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Annette

Unity of Birmingham's Guest Writer Series


“In the end, your individuality is determined not only by what you decide to do, but by what you decide not to do, not only by what you cling to, but what you let go.”


I Ching: The Book of Change


A friend of mine has died. She did it with the same courage and curiosity she

always employed in living her life. She’d been all over this planet, not as a tourist, but as

a pilgrim. She felt most at home in places as foreign as the ocean is to a

honeybee—India, West Africa, Haiti, Bosnia, Kenya. She never traveled to just see, and

shop, and consume, but to immerse herself in the culture, to lend a hand, to join in the

everyday lives of the people and offer herself to their service.


I’ve never known anyone like her, and mostly, I’ve observed from a distance. Her

exuberance for life created a magnetic field that drew people straight to her before they

could find something strong to hold onto. And, you see, I’m kin to that honeybee—I live

close to the safety of the hive. She, on the other hand, sailed on whatever breeze took

her and made it her own.


We all choose what to keep and what to give away, don’t we? But sometimes life

takes away what we did not choose to give. Then the choice becomes how do we live

with that loss. My friend knew from the moment of her birth that this earthly existence

holds both in equal measure—both love and loss, both light and darkness, both life and

death. Like Lady Justice, she knew that the scales are balanced, favoring neither.

Knowing and accepting this gave her the freedom to soar without fear.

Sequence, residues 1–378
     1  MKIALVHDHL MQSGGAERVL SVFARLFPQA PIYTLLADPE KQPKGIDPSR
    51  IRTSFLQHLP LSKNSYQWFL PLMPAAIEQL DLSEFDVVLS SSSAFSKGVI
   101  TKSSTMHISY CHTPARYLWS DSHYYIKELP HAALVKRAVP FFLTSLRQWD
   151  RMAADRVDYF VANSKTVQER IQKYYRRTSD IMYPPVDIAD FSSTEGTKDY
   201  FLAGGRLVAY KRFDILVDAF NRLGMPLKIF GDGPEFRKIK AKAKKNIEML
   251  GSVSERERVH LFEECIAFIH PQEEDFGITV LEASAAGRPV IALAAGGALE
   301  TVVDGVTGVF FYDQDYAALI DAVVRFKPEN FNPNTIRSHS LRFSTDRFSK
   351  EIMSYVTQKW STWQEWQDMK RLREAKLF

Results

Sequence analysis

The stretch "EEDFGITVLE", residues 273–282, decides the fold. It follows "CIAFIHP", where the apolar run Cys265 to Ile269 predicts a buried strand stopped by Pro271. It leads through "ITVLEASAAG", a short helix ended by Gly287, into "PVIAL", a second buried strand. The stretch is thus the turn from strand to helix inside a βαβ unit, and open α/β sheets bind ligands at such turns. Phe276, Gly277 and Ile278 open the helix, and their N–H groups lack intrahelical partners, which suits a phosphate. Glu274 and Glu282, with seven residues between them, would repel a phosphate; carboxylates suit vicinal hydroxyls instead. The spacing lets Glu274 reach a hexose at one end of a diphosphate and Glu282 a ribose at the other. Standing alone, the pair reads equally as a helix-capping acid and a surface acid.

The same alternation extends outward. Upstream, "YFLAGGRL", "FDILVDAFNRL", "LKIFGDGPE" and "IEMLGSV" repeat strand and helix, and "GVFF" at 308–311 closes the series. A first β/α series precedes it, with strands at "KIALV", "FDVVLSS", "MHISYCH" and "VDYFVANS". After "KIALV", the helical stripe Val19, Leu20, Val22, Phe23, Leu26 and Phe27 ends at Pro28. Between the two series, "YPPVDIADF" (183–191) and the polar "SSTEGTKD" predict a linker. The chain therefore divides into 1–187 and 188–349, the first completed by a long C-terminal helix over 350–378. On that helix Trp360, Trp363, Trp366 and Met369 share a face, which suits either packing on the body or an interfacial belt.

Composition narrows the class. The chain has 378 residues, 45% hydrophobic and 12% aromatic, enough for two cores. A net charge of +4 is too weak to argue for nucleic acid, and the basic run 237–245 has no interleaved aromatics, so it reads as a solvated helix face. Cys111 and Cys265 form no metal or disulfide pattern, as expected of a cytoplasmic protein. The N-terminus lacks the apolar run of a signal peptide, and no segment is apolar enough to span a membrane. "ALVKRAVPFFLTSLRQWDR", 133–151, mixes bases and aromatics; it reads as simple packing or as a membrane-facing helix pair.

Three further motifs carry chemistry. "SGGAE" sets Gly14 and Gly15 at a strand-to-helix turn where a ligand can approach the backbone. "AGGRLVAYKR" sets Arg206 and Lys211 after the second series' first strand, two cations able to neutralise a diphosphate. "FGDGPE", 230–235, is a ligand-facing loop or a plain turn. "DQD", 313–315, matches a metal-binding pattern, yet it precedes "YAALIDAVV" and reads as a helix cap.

I am proud to have called her friend—to have experienced first-hand her exotic

differences. From hospital nursing to art therapy, from labyrinth building to belly

dancing, to owning and restoring a sacred Cherokee cave, her coin-clad feet have

danced a million miles. I have watched from the safety of the ground as she flew by and

dazzled me with her courage and freedom. With a heart bent on service, she led people

through the worst moments of their lives and through the very best ones, with music and dancing, with art and labyrinth walking, and most of all with compassion. I will be forever grateful and astonished when I remember the zest with which she lived every moment of her life.


She left an indelible imprint on me and a dash of brilliant color on this drab old world. Godspeed, Annette, my beautiful friend.


Jane Philips




Jane Philips is a retired Special Education teacher, Licensed Professional Counselor, and Licensed Massage Therapist. She has also lead Spirituality Groups, Wisdom Circles, drumming circles, and she wrote a daily blog for twelve years called Spiritually Speaking.


Jane is currently working on a memoir titled, Old Crazy Town. She is a fifth-generation quilter.

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